The Supreme Court finally issued its opinion on the Affordable Care Act, finding the so-called individual mandate – a requirement that individuals purchase healthcare coverage from an insurance company or pay a penalty – to be constitutional.
Chief Justice John Roberts, a George W. Bush appointee, surprised many commentators when he joined four liberal justices in upholding the law, writing the majority opinion. But the most astonishing part of his decision was the use of congressional taxing authority as justification.
It was so unexpected that the government’s opening brief did not even address the question of whether the taxing authority could validate the mandate — perhaps because, until the Court’s ruling, no other federal court had accepted the implausible argument that the mandate was an exercise of the tax power.
Even liberal law professors and court-watchers who agreed with Robert’s conclusion did not agree with his arguments for it.
One problem with his approach is that the law consistently speaks in terms of a “requirement” to buy insurance, expressly stating that individuals “shall” purchase it. For those who ignore the mandate, the act then levies a “penalty.” It was no accident that Congress referred to the mandate as a “penalty” in eighteen separate places, rejecting – as clearly as the English language would allow – the idea of it being a tax. Furthermore, the location of the mandate and penalty are in Title I of the act, which is its operating core. They are not found in Title IX, where revenue provisions and taxes are listed. From language to location, it has the obvious characteristics of a regulatory penalty, not the hallmarks of a tax.
Perhaps more compelling, Congress had rejected an earlier version of the legislation that imposed a tax instead of a requirement with a penalty.
And yet, Justice Roberts embarked on a different course, apparently changing his mind at the last minute.
Purporting to resolve the issue with judicial restraint, he correctly acknowledged that the Court is not the sole judge of constitutionality. He likewise addressed the long-standing conservative principle that a judge should search for some way, if possible, to uphold the law before him. And then he offered conservatism another symbolic gesture by striking down the administration’s Commerce Clause claim of authority.
But his gestures, seemingly generous at the time, were merely designed to soften the coming blow.
By construing the mandate as a tax rather than a penalty, he departed from previous case law. The Court had never held that a penalty imposed for violation of the law was so trivial as to be in effect a tax. In searching for a way not to declare the mandate unconstitutional, he struggled to uphold it by ignoring the statute’s plain language.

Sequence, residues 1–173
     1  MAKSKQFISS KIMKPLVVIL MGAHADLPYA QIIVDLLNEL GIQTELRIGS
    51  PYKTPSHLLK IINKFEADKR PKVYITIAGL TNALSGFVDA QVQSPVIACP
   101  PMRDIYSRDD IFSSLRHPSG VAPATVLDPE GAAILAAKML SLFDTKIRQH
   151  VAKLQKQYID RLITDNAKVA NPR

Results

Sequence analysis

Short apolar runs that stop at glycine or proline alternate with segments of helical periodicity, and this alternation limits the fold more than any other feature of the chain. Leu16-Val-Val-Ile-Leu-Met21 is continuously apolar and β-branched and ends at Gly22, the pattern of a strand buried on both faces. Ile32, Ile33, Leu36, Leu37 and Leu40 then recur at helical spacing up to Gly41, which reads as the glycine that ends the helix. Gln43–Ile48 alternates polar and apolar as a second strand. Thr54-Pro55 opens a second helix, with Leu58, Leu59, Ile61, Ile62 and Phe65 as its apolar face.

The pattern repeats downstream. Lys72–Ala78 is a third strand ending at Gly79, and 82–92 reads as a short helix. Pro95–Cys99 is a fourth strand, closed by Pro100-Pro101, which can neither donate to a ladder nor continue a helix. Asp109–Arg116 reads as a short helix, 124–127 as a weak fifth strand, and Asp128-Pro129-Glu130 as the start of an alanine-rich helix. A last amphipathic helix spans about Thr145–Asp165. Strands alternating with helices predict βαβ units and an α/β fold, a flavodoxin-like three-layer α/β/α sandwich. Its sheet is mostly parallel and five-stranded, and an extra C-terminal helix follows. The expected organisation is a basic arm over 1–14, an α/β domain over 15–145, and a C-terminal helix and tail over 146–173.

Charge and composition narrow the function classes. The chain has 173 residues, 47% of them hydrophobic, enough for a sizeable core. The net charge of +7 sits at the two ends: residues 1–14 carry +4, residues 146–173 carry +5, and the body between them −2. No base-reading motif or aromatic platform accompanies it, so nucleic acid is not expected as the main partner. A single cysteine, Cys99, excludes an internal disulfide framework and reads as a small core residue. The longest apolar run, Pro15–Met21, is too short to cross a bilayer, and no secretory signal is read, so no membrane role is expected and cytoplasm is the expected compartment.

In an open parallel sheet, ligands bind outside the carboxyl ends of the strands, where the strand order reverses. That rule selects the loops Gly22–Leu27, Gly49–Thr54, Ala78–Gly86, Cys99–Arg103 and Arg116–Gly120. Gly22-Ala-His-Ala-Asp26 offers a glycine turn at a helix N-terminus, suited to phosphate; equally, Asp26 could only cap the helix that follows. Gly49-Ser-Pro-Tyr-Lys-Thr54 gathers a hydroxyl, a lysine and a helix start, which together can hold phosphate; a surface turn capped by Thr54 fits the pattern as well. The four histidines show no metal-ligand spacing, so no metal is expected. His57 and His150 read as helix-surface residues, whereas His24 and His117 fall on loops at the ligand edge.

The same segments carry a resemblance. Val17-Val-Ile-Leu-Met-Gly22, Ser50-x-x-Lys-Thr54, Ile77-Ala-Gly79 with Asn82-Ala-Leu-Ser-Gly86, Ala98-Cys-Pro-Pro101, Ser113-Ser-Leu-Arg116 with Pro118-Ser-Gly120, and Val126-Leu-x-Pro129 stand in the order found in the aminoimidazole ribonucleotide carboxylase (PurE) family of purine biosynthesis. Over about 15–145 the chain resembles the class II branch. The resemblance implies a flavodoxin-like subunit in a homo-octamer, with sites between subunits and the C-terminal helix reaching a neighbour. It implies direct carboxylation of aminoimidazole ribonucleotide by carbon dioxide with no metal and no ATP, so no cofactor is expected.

Roberts appeared to appreciate the distinction between inactivity and activity when it came to his analysis of the Commerce Clause, but he then refused to comprehend the fundamental difference between taxing purchases and non-purchases when applying the taxing authority.
In so doing, he traded a virtually unlimited Commerce Clause power for a virtually unlimited taxing power – a shocking grant of authority that permits the federal government to compel or regulate personal behavior of almost any kind, whether based in action or inaction.
If Congress now wishes to penalize an individual for not following a direct order, it is empowered to simply impose a tax for noncompliance. And as the decision clarified, it does not even have to actually call it a tax.
There is a big difference between construing a law charitably and completely rewriting it to suit one’s purposes. The Constitution has never given the Court the power to rewrite laws by judicial fiat.
“The fundamental problem with the Court’s approach to this case is this: It saves a statute Congress did not write,” Justice Kennedy said in a statement from the bench. “The Court regards its strained statutory interpretation as judicial modesty. It is not. It amounts instead to a vast judicial overreaching.”
“The values that should have determined our course today are caution, minimalism, and the understanding that the federal government is one of limited powers,” Kennedy said. “But the Court’s ruling undermines those values at every turn. In the name of restraint, it overreaches. In the name of constitutional avoidance, it creates new constitutional questions. In the name of cooperative federalism, it undermines state sovereignty.”
Roberts abandoned judicial restraint, just after praising it. He abdicated his role as a counter-majoritarian, just after exercising it.
The four dissenting justices rightfully complained that the majority was ignoring key structural protections found in the Constitution. “The fragmentation of power produced by the structure of our government is central to liberty, and when we destroy it, we place liberty in peril,” the dissent wrote. “Today’s decision should have vindicated, should have taught, this truth; instead our judgment today has disregarded it.”
So before groups praise the ruling as a politically preferred one for the upcoming November elections, they should be warned: bad presidents come and go, but bad precedents last a lifetime.
Regardless of how one feels about healthcare reform, this is not a decision to be celebrated.
***** State Senator Chris McDaniel